India is one of those 20 spots on earth where power can be generated from tidal waves.
In a bid to curb the country’s carbon emission levels, India will experiment with generating power from tidal waves. The government will tie up with an Israeli firm to set up tidal power plants in Goa. If the operation is a success, India will be the only fifth country in the world which to have operational tidal power plants.
“Since last two years, I have been constantly pursuing whether we can generate power using tidal waves in the sea. Today, I came to know that we can start experimenting this by using Israeli technology which will help generate power using tidal waves,” said Nitin Gadkari, India’s Minister of Shipping.
India’s Ministry of New and Renewal Energy has already conducted a study on the potential of tidal and wave energy in India. The study indicated an estimated potential of about 8,000 MW with 7,000 MW in the Gulf of Kambhat, 1,200 MW in the Gulf of Kutch in Gujarat, and about 100 MW in the Gangetic delta in Sunderbans in West Bengal.
“To capture sufficient power from the tidal energy potential, the height of high tide must be at least five meters (16 feet) greater than low tide. There are only approximately 20 locations on earth with tides this high and India is one of them,” reads a report of Ministry of New and Renewal Energy.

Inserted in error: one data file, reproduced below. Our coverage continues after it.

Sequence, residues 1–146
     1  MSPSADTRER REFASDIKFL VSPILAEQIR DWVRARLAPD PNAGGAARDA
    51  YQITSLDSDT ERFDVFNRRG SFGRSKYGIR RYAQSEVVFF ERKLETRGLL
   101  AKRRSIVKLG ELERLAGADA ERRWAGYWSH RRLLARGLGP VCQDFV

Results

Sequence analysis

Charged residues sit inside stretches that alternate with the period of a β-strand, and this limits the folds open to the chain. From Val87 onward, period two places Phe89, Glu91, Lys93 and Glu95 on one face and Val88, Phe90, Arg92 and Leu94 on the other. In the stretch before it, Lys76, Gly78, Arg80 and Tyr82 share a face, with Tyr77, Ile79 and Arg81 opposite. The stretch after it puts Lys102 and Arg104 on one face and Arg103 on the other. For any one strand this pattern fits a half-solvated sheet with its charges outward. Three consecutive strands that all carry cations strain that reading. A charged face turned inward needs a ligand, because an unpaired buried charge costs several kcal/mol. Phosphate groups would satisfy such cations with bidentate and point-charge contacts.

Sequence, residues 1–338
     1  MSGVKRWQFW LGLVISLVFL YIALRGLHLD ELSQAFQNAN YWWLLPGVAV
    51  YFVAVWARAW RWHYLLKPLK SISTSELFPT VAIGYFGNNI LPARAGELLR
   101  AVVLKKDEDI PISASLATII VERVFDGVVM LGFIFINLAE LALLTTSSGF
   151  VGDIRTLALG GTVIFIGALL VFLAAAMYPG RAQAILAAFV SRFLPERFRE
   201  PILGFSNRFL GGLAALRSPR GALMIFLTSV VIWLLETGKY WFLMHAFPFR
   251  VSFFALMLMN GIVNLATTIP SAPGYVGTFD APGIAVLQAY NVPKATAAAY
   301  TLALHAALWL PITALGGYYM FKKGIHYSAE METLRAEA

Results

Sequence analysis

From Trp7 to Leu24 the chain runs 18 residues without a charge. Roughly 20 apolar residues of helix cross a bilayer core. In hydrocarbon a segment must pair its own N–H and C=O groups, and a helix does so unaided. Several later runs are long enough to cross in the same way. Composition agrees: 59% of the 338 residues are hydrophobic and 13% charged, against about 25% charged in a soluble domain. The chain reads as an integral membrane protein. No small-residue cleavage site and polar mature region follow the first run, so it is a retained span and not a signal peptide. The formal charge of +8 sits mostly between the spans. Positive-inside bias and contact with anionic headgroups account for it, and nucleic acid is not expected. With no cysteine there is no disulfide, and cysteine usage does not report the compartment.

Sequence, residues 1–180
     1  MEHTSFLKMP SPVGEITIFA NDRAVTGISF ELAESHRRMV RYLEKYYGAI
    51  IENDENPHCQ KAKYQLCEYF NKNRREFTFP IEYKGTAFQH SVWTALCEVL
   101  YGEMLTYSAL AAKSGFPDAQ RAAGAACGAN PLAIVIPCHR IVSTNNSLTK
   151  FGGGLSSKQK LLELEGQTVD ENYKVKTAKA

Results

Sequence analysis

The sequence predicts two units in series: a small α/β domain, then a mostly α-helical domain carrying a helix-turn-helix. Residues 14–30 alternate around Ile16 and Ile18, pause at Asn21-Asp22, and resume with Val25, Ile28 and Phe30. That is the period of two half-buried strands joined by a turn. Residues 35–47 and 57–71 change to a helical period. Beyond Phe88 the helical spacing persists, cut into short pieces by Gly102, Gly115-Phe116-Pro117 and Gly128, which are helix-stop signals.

According to the report prepared by consulting agency CRISIL, there are only four operational tidal power plants in the world. The 240 MW La Rance Tidal Barrage in France was commissioned in 1966 and is the oldest plant under operation. The Sihwa Lake Tidal power plant in South Korea is the largest tidal power plant and was commissioned in 2011. Canada and China have operational tidal power plants as well but generating power as low as 20 MW.